Unfortunately, while networks are rapidly becoming distributed, elastic, and borderless, security has largely remained a legacy patchwork of disparate solutions, each working in isolation to detect and/or defend within its own niche. And the results of this status quo security approach aren’t pretty. It currently takes an average of 191 days for an organization to detect a data breach and then another 66 days to contain the problem. Even more concerning, 81% of reported intrusions are not detected by internal security processes but instead by news reports, law enforcement notifications, or external fraud monitoring. At the same time, the time between a breach and the first compromise of data is measured in hours or even minutes. Needless to say, an incredible amount of data loss or other damage can happen within a months-long window of exposure.
The best approach to shrinking the windows from intrusion-to-detection and from detection-to-containment begins with a security architecture that integrates all the various solutions and tools deployed across the organization. A fabric-based architectural approach to security connects the working parts of a defensive posture into a single, integrated system that allows them to share threat information and stop attacks in real-time.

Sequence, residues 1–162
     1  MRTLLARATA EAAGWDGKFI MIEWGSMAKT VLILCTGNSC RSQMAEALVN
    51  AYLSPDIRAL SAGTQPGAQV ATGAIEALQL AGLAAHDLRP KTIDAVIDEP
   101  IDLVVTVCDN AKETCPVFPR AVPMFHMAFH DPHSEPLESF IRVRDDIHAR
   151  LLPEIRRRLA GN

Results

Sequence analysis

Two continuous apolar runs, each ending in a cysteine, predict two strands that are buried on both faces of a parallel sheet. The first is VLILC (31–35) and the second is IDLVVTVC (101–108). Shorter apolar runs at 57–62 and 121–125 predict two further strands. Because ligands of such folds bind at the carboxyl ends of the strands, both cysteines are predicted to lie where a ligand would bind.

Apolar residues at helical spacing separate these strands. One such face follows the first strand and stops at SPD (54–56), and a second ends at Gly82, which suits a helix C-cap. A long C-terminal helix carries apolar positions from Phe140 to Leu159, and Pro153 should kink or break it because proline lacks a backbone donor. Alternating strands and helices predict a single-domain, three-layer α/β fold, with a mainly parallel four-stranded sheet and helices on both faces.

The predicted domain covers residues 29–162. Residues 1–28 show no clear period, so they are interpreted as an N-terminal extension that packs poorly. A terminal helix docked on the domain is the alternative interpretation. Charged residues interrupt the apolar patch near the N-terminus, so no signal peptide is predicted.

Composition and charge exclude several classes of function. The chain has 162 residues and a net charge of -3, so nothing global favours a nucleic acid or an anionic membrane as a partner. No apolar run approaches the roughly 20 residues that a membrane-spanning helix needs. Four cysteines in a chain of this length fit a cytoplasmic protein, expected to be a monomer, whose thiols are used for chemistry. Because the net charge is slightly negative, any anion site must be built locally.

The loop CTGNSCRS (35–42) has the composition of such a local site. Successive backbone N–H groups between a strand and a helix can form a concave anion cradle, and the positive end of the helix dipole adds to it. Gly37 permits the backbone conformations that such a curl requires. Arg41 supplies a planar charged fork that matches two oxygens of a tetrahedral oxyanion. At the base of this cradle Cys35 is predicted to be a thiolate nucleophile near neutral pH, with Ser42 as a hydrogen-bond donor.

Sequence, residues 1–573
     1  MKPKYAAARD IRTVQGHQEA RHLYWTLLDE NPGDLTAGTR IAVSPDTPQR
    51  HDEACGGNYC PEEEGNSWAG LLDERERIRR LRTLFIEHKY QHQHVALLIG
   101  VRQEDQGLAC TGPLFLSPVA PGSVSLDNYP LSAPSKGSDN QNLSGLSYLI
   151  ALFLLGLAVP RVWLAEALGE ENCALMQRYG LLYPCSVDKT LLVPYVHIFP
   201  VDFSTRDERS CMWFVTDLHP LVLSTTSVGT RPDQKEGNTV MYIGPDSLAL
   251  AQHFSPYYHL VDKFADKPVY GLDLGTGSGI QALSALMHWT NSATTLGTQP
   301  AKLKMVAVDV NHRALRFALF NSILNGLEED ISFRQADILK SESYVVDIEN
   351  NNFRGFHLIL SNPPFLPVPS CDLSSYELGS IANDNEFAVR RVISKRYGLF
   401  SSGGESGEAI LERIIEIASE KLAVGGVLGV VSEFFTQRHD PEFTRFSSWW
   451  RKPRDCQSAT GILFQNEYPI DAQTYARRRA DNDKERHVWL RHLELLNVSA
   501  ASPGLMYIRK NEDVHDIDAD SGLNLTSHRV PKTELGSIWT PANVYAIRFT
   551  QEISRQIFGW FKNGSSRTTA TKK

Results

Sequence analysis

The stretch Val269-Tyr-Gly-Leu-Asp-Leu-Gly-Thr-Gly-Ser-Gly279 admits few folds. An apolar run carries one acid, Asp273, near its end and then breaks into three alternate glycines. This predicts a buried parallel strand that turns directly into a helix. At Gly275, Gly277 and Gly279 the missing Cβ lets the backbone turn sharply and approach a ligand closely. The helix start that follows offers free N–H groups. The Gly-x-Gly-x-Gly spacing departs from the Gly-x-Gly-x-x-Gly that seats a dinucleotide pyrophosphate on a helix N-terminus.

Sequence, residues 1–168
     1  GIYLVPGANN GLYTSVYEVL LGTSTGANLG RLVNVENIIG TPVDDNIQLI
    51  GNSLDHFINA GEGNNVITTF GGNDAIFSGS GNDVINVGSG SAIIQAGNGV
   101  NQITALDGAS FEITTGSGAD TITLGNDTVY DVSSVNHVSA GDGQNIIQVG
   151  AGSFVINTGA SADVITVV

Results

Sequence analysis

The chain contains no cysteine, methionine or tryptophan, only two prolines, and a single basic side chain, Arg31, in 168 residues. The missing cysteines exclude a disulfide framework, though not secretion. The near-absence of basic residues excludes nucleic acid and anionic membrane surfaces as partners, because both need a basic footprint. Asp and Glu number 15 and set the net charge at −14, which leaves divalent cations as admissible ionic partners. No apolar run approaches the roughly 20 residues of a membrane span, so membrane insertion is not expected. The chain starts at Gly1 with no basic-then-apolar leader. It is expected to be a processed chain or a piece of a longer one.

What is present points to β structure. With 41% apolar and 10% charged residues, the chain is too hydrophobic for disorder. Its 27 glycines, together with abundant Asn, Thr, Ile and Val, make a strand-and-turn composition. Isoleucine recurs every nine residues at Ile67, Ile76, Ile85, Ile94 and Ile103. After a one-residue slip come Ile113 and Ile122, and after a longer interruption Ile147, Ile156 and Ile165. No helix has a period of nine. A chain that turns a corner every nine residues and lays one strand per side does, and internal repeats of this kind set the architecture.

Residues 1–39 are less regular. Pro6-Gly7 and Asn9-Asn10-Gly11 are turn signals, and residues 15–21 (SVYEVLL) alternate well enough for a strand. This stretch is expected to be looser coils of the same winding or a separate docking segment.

Sandboxing fills a crucial function within this integrated architectural framework. However, most sandbox solutions have not evolved to meet the demands of today’s more dynamic and distributed network. With respect to current needs, first-generation or “traditional” sandboxes have limited performance and outdated capabilities. Many lack important ATP features or may not be able to integrate into a broader security architecture.
Unfortunately, many of these solutions are still on the market. To help organizations review and select sandboxing solutions designed to meet their current and future needs, here are seven evaluation areas that can help separate a traditional sandboxing device from a next-generation solution when it comes time to add or upgrade: